Atelier Van Lieshout - Design London Wednesday, April 23, 2008 | Phillips
  • Exhibited

    Roger Pailhas Gallery, Marseille, 2003; "Greetings From AVL", Lille, 2004; "Happy Forest", Kröller Müller Museum, Otterlo, 4 June – 2 October 2005

  • Literature

    Atelier Van Lieshout, Rotterdam, 2007, p. 66

  • Catalogue Essay

    Joep van Lieshout loves the cogent logic of Machiavelli and the delirium of the senses of De Sade, the mechanics and films of Fellini, treatises on chemistry and recipe books, Foucault and Pasolini. His work reflects the complexity of reality, underlining its contradictions, fearlessly mixing the rational and the irrational. The form of the spaces of van Lieshout, like the sculptures, the objects, even the drawings – designs, descriptions, 'user’s manuals'– is directly based on the situation for which they have been created. But the artist’s idea of how to resolve a function shapes the form and directly intervenes in reality, proposing new, alternative ways of living and acting. Turkish Chair, seen in this show, is a sculpture with a sinuous profile, but it is also a comfortable, functional chair that can be raised or lowered, oriented or reclined. But what can you do once you’re seated? Van Lieshout rethinks the function, in keeping with his vision of the world; thus a series of armrests and knobs permit different positions, betraying an invitation to play, encouraging the user to experiment with desires and impulses. Maxi Capsule Hotel Room is a space that redefines the terms of dwelling, sojourn and rest. The logic and functional efficiency of the space coincide with elements that open the way for a playful, emotional dimension. Soft and welcoming, padded with carpeting, mattresses, pillows inside. Intriguing and captivating on the outside, thanks to the smooth form in bright red fiberglass. Maxi Capsule Hotel Room is a surreal work that stimulates the imagination, but it is also a space that has been designed down to the smallest details – from the climate control system to the lighting, to the shelving for luggage and personal effects – in order to provide its 'guests' with a restful stay. Rule and transgression, logic and passion, instinct and reason take form in an essential, rigorous but image-filled aesthetic that proposes a radical alternative to current ethics and aesthetics.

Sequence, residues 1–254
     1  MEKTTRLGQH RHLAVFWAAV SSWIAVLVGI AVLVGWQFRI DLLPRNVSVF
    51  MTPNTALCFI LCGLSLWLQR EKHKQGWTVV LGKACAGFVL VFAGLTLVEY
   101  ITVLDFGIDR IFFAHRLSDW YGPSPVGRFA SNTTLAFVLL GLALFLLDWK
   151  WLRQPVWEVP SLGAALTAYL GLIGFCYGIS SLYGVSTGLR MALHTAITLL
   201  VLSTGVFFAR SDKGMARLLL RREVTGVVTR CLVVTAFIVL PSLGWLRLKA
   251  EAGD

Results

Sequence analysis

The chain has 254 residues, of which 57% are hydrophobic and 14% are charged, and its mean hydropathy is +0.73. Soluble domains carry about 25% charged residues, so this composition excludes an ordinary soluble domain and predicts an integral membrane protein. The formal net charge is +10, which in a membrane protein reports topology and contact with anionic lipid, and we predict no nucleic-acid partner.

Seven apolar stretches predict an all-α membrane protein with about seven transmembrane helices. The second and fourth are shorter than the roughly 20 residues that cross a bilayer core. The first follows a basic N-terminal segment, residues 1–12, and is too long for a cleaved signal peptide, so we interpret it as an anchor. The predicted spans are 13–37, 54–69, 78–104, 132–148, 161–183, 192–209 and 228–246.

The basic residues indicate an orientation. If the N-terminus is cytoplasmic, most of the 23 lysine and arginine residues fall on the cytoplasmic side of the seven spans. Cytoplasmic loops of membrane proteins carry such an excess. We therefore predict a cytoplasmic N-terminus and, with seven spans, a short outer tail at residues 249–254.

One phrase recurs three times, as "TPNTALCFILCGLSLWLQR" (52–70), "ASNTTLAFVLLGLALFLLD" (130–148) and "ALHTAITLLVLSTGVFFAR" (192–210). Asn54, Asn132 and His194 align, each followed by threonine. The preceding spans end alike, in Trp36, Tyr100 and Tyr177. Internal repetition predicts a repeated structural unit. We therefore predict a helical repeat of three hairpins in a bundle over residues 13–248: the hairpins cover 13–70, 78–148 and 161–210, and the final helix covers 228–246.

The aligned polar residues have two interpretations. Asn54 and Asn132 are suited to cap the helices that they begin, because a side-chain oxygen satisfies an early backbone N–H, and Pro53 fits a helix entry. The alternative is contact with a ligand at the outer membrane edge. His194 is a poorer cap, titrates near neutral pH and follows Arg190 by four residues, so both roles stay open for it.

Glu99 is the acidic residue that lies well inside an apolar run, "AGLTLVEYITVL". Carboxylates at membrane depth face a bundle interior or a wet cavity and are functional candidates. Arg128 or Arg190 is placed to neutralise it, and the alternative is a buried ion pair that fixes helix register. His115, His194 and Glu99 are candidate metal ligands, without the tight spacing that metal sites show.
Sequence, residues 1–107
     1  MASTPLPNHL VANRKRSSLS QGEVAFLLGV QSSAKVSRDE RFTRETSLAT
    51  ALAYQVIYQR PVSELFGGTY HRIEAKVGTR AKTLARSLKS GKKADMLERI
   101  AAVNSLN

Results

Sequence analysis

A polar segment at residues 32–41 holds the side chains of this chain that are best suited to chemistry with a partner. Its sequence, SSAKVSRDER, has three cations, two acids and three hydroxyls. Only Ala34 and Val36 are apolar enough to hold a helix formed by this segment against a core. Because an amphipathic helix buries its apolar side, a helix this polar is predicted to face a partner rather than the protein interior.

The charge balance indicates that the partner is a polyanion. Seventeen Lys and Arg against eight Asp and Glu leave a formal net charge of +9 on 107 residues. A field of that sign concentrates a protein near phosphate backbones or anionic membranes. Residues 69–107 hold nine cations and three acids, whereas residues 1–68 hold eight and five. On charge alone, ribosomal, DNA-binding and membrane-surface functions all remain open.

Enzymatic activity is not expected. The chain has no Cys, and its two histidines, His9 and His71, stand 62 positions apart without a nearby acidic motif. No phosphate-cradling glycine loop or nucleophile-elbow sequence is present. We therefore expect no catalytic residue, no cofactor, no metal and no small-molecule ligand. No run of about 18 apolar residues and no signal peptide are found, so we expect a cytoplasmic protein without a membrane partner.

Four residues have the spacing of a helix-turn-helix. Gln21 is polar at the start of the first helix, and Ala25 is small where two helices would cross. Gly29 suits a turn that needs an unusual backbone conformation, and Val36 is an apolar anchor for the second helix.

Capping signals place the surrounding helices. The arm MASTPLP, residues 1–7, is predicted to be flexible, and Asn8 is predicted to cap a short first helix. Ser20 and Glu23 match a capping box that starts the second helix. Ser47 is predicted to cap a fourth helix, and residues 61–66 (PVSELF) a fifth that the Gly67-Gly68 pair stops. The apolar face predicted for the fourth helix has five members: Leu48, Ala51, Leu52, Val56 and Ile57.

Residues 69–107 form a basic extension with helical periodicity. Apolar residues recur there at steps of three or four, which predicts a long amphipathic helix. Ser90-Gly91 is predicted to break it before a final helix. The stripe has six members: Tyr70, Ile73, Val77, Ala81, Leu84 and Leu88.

--Cloe Piccoli


‘Mini Capsule Side Entrance’ environment

Coated fiberglass, stained plywood, glass, plastic, metal, fabric.
180.3 x 243.8 x 218.4 cm. (71 x 96 x 86 in)
Number two from an edition of two.

£18,000 - 24,000 

Sold for £29,300


24 Apr 2008, 2pm